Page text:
Sunday, May 6, 2018
The world's first satellites outside the earth's orbit transmit a radio signal to our planet
NASA indicating a radio signals received that the world's first satellites of the "kubsat" format, moving in outer space beyond the limits of the orbit of our planet, are in good working order and operate in the regular mode. The first signal was received yesterday at 20:15 UTC, and the second - almost two hours after the first - at 21:58 UTC.
Now the engineers are conducting a series of checks, after which the "kubsat" will be ready for a long space trip.
The Mars Cube One, or MarCO, is a pair of small satellites the size of a small suitcase that were launched into space along with the Martian NASA InSight landing gear at 11:05 GMT yesterday from the site of the USS Vandenberg Space Base Cosmodrome located in Central California, USA . The InSight device (Interior Exploration using Seismic Investigations, Geodesy and Heat Transport) is a scientific mission that will first explore the depths of the Red Planet.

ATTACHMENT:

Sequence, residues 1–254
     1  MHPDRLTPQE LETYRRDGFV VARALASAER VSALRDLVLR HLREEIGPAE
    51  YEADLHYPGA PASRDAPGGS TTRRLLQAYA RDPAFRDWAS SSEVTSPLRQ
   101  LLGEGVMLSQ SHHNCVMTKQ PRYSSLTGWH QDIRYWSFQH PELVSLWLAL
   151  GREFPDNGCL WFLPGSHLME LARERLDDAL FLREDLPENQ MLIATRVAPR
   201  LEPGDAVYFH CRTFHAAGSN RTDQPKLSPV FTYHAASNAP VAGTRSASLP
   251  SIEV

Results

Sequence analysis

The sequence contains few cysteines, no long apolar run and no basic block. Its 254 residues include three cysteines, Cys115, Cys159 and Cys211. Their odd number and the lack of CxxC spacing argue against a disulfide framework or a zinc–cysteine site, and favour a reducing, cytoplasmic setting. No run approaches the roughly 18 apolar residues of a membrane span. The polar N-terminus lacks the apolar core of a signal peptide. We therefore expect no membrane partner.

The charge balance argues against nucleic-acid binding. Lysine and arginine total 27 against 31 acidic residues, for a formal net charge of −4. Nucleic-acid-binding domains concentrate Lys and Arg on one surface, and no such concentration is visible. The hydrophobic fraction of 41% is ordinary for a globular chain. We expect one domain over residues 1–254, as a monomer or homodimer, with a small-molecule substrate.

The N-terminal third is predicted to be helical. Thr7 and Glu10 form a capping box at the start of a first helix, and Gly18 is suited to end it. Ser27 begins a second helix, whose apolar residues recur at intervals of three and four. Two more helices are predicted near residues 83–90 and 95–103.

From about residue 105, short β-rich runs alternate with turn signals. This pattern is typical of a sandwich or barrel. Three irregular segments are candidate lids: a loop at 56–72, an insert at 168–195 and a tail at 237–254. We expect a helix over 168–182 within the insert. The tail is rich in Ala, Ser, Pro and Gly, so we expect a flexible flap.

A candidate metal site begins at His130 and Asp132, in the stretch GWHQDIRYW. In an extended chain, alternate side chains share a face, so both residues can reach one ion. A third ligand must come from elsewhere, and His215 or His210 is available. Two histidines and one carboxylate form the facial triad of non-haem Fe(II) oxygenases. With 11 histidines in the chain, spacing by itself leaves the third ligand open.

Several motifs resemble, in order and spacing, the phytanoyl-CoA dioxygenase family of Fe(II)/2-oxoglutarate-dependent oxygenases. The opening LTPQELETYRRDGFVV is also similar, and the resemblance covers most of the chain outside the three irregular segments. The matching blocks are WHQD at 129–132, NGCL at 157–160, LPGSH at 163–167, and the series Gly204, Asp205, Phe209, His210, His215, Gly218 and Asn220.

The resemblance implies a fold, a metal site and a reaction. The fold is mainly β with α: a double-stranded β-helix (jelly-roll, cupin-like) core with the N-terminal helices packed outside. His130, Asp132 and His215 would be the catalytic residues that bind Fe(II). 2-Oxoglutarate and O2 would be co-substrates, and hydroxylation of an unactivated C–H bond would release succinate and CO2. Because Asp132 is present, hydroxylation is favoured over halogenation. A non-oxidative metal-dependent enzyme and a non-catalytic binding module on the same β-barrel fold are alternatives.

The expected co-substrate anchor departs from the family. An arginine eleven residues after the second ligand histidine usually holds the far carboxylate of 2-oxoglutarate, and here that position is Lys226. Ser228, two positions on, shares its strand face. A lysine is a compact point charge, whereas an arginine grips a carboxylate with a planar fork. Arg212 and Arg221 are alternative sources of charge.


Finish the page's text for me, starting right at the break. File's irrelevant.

Meanwhile, Marco's miniature twin satellites will perform their own separate mission: instead of collecting scientific data, they will accompany the InSight device on its way to Mars, allowing engineers to carry out in the way the testing of new equipment and technologies developed for miniature spacecraft.
Both satellites were programmed for the deployment of solar panels shortly after launch, followed by the sending of a radio signal about the successful completion of the operation and the absence of any malfunctions. It was this "Polo!" Signal was received from each of the two spacecraft by ground controllers of the US space agency.
The Beijing University of Aviation and Cosmonautics completed a 370-day experiment to simulate the lives of people on the moon, settin...
United Launch Alliance Company successfully conducted the launch of a rocket Delta IV , which brought with it the WGS-9 satellite for mi...
Imagine you were thrown out of the space station airlock without a spacesuit . You can panic and desperately trying to escape. How much...
The following month, the NASA spacecraft "Cassini" will make his 126th and final passage by Saturn's largest moon Titan . ...